Would benefit from AA being reintroduced.
The character models themselves are somewhat dated. Similar to those found in Dark Age of Camelot: Catacombs, even if higher res. Which says a lot considering Catacombs was released in 2004. Of course I could also do the more obvious and compare them to Star Wars: Galaxies character models, but that isn't much better given those are dated even earlier at 2003. This is 2011; we expect more. But I can let a game slide by on has-been graphics so long as the mechanics are entertaining and the plot is good. While the mechanics aren't anything fabulous, average by all accounts, the story is entertaining enough.

I experienced a lot of framerate issues playing on a decent laptop even though the game is less graphically intensive than several others I play without incidence. So I don't know what's going on there. The likely culprit is a memory leak, even though you'd suspect that kind of thing to be fixed by now (during the final stages of beta). I had to turn all of my options to minimum for the game to even be playable, so to those of you playing with older computers (even if they function fine with other current games) will probably need to upgrade as well. If you normally play on a laptop, I'd recommend a desktop PC anyway. That said, even though every server was at cap population every day, the server lag wasn't bad at all. Hardly even noticeable at prime time.

The game world seems nice (if smaller than anticipated), at least on par with other titles on the market. I wouldn't consider the game particularly visually impressive by any means, but it isn't abysmal either. It can hold its own. The scenematics however are remarkable. Seriously. Graphically, musically, emotionally, it's all captured spot-on. Which is impressive for something completely computer animated. Most times animated people just come off as strange and unnatural looking, but not here. Mouth movement, facial expression, all very thoroughly thought out and executed. I would high five the animation team if I met them on the street.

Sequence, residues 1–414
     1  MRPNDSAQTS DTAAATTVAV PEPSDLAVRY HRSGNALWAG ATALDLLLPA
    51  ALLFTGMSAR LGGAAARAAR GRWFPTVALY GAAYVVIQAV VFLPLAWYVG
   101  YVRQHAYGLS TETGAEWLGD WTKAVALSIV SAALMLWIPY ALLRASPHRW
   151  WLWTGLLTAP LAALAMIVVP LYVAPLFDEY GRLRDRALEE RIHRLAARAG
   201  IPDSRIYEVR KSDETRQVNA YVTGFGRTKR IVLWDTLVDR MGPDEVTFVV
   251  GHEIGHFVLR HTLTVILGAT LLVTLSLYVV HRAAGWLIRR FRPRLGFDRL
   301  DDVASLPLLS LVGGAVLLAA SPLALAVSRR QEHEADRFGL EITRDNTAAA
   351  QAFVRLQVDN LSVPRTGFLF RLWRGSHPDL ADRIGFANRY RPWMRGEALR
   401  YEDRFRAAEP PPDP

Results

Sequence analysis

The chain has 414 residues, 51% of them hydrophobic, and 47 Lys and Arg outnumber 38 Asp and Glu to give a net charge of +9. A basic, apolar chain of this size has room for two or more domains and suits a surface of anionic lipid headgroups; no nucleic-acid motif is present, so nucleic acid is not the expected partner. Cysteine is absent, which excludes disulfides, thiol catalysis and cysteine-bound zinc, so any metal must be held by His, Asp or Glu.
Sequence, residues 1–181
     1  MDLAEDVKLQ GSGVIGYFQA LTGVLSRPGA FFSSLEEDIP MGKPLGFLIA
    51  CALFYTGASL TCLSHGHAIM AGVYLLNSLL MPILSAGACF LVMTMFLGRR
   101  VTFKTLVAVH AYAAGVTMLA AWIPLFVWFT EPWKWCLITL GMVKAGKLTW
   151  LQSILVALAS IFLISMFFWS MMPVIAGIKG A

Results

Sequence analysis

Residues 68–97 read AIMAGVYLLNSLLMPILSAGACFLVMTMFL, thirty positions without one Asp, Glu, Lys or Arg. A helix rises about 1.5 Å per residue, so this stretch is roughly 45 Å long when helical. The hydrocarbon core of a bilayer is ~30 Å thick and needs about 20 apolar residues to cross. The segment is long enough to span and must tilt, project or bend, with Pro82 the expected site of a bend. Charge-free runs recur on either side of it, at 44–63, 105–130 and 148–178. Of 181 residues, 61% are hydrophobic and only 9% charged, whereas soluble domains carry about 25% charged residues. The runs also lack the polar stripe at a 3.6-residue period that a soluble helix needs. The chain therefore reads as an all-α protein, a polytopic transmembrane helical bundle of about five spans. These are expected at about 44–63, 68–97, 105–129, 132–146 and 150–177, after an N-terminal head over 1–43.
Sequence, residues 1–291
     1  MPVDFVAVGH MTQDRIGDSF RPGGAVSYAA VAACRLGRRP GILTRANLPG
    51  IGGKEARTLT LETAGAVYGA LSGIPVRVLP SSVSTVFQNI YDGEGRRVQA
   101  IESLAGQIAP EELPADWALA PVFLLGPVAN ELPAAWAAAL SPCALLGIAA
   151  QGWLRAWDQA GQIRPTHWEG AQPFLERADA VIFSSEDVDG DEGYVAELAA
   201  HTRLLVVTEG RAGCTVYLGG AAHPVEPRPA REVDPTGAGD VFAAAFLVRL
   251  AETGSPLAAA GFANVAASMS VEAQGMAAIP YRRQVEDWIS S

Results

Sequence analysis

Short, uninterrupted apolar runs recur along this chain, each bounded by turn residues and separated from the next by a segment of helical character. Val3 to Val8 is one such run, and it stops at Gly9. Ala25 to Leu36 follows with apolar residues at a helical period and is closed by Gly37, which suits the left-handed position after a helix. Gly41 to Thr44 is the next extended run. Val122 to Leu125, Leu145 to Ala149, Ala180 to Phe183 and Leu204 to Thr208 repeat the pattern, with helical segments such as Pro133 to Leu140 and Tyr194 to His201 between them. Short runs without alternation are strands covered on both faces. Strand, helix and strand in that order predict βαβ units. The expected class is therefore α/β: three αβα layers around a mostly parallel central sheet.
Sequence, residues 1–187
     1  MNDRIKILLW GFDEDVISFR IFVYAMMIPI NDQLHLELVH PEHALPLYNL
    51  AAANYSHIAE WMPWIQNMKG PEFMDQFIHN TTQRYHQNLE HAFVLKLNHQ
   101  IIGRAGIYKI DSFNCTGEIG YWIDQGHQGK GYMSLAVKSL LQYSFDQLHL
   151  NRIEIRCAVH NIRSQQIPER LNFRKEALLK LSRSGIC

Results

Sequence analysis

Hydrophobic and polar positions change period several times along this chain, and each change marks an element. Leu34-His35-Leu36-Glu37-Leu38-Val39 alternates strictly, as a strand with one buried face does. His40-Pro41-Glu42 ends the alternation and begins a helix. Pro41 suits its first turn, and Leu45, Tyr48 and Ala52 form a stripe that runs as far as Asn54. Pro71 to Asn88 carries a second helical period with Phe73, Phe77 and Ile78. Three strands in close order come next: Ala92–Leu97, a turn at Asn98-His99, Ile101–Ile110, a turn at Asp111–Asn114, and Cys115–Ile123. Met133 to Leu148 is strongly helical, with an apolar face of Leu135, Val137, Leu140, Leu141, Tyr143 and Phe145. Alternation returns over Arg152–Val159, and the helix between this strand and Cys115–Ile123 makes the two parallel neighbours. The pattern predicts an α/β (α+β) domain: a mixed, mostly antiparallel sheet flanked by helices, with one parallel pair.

The music is one of the things that really set SWTOR apart. It is far superior to that found in other games, particularly MMORPGs. Some you'll recognize, some you won't -- but all of it is suiting and helps to immerse you in the world you're adventuring in. At times it got stuck in a loop which quickly became annoying, but such bugs should be fixed well before 0 hour.

However where the game really stands apart is in the questing. Each quest is completely voice acted and well done at that. When you talk to an NPC you are pulled into a cut-scene where you don't just mindlessly nod to everything the NPC is saying only to click an [accept quest] button at the end. You are presented with dialogue options. How you answer could effect the outcome of the quest, or even the tasks you are sent to do. You may even offend the NPC so much that they attack you or refuse to offer you a quest at all. It's entirely in your hands. Sometimes you may even encounter reactions to your dialogue that surprise you, which hasn't happened to me in a game since like 1999.

That, I found magical. There aren't many MMO's on the market where that sort of control is offered. In fact, I can't think of any other examples. While you are questing, the game feels very much a single player RPG, but you aren't sitting alone in the dark all by yourself like some recluse. You can play it with friends. Lots of them.

Much to my dismay, there doesn't seem to be a lot of role-play potential. As it exists right now, you cannot sit in chairs or lay down and many of the emotes do nothing at all. Interacting with the environment is exceptionally limited, and by limited I mean you cannot interact with it whatsoever. That said, WoW has existed as long as it has with those same faults and yet if you look hard enough, you can find role-play there. So, it's not without hope. It would certainly benefit from a couple official RP servers, if nothing else.

In regards to servers, during beta there were twenty US servers, nine of which were PVE and eleven of which were PVP. Two additional servers existed for UK players, both PVE. I'm not sure why European gamers didn't get a PVP server, your guess is as good as mine.

For veterans of Star Wars: Galaxies, you will encounter many familiar sounds and songs in the game. Particularly the chirping of mouse droids (MSE-6). Without noncombat professions however, the cantina scene will be nothing like you're used to. I hope cantinas will become social hubs, as they were in SWG, but without much reason to go there except to log out for rested experience, I somehow doubt they will be. There also doesn't seem to be any indication that there will be player housing. Especially not Open World player housing. This, in my opinion is a rather blatant mistake.

One of my larger concerns is that this game's longevity will rest largely in the hands of former SWG players (read: people who like Star Wars a lot). Bioware and EA should be attempting to offer more options than the game's predecessor. Not less. When you take a franchise license from one company and hand it over to a new one, you should really try to exceed previous expectations.